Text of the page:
The situation regarding the racist cartoon that was reprinted in Milwaukee's official Catholic newspaper, The Catholic Herald, has recharged my discontent with the Catholic hierarchy. A Milwaukee friend e-mailed me a copy of the cartoon. It depicts caricatures of two African American males standing side-by-side. One has his arms up saying "You're not helping, you know," and wearing a tee shirt that reads, "HANDS UP, DON'T SHOOT." The figure standing next to him has his arms up holding a 42-inch TV wearing a tee shirt that reads, HANDS UP, JUST LOOT." There does not appear to have been any immediate response from Archbishop Listecki. According to e-mails I received, black Catholic well-known personalities living in Milwaukee are incensed and have been vocal in making their feelings known. This is just another proof of insensitivity Catholic decision makers have in regards to African Americans.
Chicago's archdiocesan newspaper, The Catholic New World, is replete with human interest stories. It follows traditional Catholic doctrine in its editorials and has been my source in keeping up-to-date on ordinations of priests and deacons.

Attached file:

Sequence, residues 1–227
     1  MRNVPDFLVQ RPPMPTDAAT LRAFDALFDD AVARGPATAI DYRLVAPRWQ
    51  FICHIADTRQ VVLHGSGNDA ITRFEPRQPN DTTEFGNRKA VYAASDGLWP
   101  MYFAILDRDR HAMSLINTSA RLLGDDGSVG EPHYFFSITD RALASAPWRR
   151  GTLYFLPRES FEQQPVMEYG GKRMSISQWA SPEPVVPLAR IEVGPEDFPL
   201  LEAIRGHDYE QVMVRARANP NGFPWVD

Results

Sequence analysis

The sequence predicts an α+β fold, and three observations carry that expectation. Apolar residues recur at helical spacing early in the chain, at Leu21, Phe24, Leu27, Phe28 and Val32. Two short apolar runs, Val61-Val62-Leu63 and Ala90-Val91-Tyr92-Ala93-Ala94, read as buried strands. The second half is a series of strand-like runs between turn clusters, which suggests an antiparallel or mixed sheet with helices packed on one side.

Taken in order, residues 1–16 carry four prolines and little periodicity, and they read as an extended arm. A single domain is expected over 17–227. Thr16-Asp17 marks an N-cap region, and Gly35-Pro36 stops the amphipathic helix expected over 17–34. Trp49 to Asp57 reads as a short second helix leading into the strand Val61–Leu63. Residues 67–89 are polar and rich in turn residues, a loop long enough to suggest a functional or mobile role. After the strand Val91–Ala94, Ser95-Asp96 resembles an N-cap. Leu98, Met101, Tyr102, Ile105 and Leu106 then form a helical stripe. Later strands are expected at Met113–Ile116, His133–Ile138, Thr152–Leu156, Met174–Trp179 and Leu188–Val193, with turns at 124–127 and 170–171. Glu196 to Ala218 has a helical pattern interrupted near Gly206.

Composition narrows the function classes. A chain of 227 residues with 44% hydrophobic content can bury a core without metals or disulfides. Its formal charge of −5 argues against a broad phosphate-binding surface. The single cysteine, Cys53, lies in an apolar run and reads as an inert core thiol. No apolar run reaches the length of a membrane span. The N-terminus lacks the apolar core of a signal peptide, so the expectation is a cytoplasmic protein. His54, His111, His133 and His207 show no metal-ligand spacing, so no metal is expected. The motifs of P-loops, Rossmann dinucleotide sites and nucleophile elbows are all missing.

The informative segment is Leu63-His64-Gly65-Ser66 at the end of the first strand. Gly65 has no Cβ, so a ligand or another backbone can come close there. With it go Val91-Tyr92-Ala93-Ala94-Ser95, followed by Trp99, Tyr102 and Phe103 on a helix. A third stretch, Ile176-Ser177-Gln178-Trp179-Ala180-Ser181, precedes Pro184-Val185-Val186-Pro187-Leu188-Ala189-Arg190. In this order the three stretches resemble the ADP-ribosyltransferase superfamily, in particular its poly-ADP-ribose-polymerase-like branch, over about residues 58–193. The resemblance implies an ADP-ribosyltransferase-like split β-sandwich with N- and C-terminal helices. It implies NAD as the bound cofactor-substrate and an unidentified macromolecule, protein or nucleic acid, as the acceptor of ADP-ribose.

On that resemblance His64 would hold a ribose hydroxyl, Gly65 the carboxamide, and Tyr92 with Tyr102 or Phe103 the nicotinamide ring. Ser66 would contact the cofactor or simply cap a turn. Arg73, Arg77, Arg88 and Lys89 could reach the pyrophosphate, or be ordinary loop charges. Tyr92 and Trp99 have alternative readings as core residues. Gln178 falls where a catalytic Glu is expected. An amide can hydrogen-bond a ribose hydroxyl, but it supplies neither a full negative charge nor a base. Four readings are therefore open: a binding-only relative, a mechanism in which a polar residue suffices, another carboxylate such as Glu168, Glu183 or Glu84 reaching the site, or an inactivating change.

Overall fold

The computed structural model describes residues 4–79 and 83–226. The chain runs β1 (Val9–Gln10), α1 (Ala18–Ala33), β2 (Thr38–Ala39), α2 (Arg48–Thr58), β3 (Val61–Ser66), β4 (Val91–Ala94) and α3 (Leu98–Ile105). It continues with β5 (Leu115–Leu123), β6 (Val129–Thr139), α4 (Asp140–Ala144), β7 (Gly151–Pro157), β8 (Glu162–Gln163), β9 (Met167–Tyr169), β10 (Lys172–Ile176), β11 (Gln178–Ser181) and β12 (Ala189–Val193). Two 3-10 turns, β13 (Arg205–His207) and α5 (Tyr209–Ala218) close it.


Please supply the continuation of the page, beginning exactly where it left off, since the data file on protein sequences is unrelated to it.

The Catholic hierarchy, like the mainstream decision makers, is delusional in its attempts to portray situations as if we live in a society with little racial overtones. Of course, the growing victimization of African American and Latino males belies such thinking.
Another sample of the insensitivity of Catholic decision makers regarding African Americans is the passing-over of African American clerics regarding the appointment of cardinals. I understand that the vetting process is underway regarding the successor to Chicago's Francis Cardinal George.
I have noted that a Haitian Bishop, Chibly Langlois, was elevated to the level of cardinal, being the first Haitian to achieve that level. According Internet writings, two Haitian archbishops (Loius Ke`breau and Guire Poulard) were by-passed. It was reported that at the time of Cardinal Langlois' appointment, Archbishop Poulard was his superior in the ecclesiastical province at Port-au-Prince.
There may be valid reasons for a bishop being elevated to the cardinal level, above that of an archbishop, but Cardinal Langlois' appointment appears to be a precursor of a possible trend to make cardinal appointments below the archbishop level. Only time will tell whether this will figure into the continued ignoring of African Americans whose credentials and demonstrated commitment to the Roman Catholic Church doctrines make them worthy cardinal candidates.